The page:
Saturday, September 24, 2016

Trump Foreign Policy Advisor Probed for Ties to Russia

I am of an age where can recall drills in elementary school in particular where students participated in safety drills to prepare for the possibility of a nuclear attack on America and how the basement level of the high school building was a fallout shelter.  The foe that would such an attack, of course was Russia.   Later, I would learn more about Russia and Russian history - an interest sparked in part by having Anna Anderson, perhaps the leading claimant to be Grand Duchess Anastasia Nikolaevna of Russia,  as a neighbor for two years while in college in Charlottesville (I still do not fully believe supposed DNA proof that she was a fake given the British royal family's history of screwing over Russian relatives).  For the last 99 years, Russia has been ruled by murderous despots.  That trend continues under Vladimir Putin.  And sadly, Russia remains a principal foe of America as has been the case since the fall of the Romanov dynasty other than during the interlude of World War II when the common foe of Hitler and Nazi Germany caused a temporary alliance. 

Now, Russia seems to want a perhaps unholy alliance with America through the vehicle of Donald Trump, a man who likely would like to emulate Putin's dictatorial rule in this country (in Trump's world, I suspect the rest of us exist merely to increase his own perceived magnificence), More frighteningly, for the first time in my memory Russia intelligence and spy services seem poised to try to influence an American presidential election to insure that Trump is elected.  The irony, of course is that Trump supporters view themselves as "real Americans" even as they support a man who likely would sell out American interest to a foreign enemy. A piece at Yahoo News looks at how one of Trump's advisors is under investigation for Russian ties.  Here are highlights:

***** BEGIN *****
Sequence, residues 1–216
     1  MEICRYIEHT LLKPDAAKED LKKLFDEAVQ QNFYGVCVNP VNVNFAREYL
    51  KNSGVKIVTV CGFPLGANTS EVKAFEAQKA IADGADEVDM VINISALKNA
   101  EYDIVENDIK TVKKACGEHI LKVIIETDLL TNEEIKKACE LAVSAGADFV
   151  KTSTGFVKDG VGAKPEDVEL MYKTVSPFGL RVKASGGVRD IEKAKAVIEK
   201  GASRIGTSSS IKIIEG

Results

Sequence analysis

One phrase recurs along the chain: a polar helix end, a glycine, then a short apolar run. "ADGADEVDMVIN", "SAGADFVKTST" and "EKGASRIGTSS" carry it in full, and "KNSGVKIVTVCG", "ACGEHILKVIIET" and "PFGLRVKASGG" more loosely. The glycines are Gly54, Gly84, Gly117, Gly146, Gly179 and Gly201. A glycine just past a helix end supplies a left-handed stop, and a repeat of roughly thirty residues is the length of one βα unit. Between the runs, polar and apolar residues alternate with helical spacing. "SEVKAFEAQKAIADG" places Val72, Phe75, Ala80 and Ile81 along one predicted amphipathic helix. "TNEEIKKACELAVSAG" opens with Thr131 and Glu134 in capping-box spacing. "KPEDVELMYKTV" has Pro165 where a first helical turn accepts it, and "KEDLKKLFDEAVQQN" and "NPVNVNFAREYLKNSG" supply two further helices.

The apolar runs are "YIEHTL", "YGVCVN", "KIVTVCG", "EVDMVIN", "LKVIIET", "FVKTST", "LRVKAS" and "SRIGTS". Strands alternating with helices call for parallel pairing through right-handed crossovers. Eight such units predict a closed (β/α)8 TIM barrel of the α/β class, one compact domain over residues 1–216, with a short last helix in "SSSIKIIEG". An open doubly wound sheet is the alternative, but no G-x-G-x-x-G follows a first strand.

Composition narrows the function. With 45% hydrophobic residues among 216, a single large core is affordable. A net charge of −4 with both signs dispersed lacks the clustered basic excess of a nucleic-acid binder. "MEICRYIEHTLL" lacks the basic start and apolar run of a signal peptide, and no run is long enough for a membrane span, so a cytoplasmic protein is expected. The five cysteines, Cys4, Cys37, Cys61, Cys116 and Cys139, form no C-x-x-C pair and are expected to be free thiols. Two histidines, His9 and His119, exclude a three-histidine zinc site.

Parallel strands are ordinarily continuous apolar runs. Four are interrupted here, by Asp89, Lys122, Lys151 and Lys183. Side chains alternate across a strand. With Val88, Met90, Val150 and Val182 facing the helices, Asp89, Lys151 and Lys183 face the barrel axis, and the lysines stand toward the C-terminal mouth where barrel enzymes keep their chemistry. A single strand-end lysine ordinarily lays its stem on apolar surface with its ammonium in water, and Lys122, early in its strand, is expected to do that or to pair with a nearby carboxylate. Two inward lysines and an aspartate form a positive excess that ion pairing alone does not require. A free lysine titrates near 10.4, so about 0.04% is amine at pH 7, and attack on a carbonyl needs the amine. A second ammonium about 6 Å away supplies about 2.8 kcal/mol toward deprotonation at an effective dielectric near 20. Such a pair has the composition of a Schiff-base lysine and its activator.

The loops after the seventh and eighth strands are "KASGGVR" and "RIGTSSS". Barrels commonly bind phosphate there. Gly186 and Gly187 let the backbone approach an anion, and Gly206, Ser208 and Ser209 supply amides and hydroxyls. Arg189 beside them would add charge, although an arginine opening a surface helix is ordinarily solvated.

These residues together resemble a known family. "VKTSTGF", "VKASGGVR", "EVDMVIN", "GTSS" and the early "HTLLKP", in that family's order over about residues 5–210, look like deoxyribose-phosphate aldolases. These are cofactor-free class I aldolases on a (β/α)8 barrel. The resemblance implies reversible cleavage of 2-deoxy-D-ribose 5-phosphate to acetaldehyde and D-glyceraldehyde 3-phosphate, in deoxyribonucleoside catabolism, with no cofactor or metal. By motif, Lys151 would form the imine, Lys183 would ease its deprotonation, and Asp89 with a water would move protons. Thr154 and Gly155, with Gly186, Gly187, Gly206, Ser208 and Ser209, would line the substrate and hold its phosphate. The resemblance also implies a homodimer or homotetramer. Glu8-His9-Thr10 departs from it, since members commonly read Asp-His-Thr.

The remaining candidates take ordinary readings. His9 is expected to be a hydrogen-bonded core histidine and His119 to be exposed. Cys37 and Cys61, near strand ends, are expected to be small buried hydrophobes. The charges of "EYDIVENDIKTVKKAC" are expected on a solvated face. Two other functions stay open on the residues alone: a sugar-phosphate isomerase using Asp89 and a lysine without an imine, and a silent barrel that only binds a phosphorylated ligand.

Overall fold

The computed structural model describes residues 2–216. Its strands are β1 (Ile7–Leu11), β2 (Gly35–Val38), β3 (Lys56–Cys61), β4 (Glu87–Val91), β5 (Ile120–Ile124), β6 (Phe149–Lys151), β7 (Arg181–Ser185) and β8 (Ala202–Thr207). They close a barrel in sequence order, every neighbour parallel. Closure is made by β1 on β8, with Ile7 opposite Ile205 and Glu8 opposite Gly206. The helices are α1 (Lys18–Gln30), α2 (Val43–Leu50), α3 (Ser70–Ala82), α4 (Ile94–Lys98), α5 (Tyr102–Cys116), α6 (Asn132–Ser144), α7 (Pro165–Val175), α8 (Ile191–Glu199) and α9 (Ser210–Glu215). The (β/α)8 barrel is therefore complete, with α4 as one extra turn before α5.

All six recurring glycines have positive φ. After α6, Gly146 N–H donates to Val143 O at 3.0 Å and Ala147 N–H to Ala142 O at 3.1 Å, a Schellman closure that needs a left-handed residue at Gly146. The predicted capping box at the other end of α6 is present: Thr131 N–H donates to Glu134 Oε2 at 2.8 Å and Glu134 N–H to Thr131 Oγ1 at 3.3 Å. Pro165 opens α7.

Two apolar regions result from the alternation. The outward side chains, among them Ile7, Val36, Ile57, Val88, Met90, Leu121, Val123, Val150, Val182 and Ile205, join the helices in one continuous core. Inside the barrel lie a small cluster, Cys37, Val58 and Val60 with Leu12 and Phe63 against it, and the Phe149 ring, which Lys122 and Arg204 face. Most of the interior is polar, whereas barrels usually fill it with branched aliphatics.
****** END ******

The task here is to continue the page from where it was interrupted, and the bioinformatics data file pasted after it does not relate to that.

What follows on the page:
U.S. intelligence officials are seeking to determine whether an American businessman identified by Donald Trump as one of his foreign policy advisers has opened up private communications with senior Russian officials — including talks about the possible lifting of economic sanctions if the Republican nominee becomes president, according to multiple sources who have been briefed on the issue.
The activities of Trump adviser Carter Page, who has extensive business interests in Russia, have been discussed with senior members of Congress during recent briefings about suspected efforts by Moscow to influence the presidential election, the sources said. After one of those briefings, Senate minority leader Harry Reid wrote FBI Director James Comey, citing reports of meetings between a Trump adviser (a reference to Page) and “high ranking sanctioned individuals” in Moscow over the summer as evidence of “significant and disturbing ties” between the Trump campaign and the Kremlin that needed to be investigated by the bureau.
Some of those briefed were “taken aback” when they learned about Page’s contacts in Moscow, viewing them as a possible back channel to the Russians that could undercut U.S. foreign policy, said a congressional source familiar with the briefings but who asked for anonymity due to the sensitivity of the subject. The source added that U.S. officials in the briefings indicated that intelligence reports about the adviser’s talks with senior Russian officials close to President Vladimir Putin were being “actively monitored and investigated.”